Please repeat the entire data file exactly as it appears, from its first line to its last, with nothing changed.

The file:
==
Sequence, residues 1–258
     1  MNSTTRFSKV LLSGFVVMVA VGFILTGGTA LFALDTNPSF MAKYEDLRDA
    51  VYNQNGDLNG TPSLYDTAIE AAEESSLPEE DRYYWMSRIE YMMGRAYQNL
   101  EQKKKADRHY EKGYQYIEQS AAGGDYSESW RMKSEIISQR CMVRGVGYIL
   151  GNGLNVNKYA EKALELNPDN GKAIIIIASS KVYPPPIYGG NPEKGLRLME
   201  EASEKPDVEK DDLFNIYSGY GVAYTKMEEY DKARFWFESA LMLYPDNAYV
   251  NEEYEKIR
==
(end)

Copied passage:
Sequence, residues 1–258
     1  MNSTTRFSKV LLSGFVVMVA VGFILTGGTA LFALDTNPSF MAKYEDLRDA
    51  VYNQNGDLNG TPSLYDTAIE AAEESSLPEE DRYYWMSRIE YMMGRAYQNL
   101  EQKKKADRHY EKGYQYIEQS AAGGDYSESW RMKSEIISQR CMVRGVGYIL
   151  GNGLNVNKYA EKALELNPDN GKAIIIIASS KVYPPPIYGG NPEKGLRLME
   201  EASEKPDVEK DDLFNIYSGY GVAYTKMEEY DKARFWFESA LMLYPDNAYV
   251  NEEYEKIR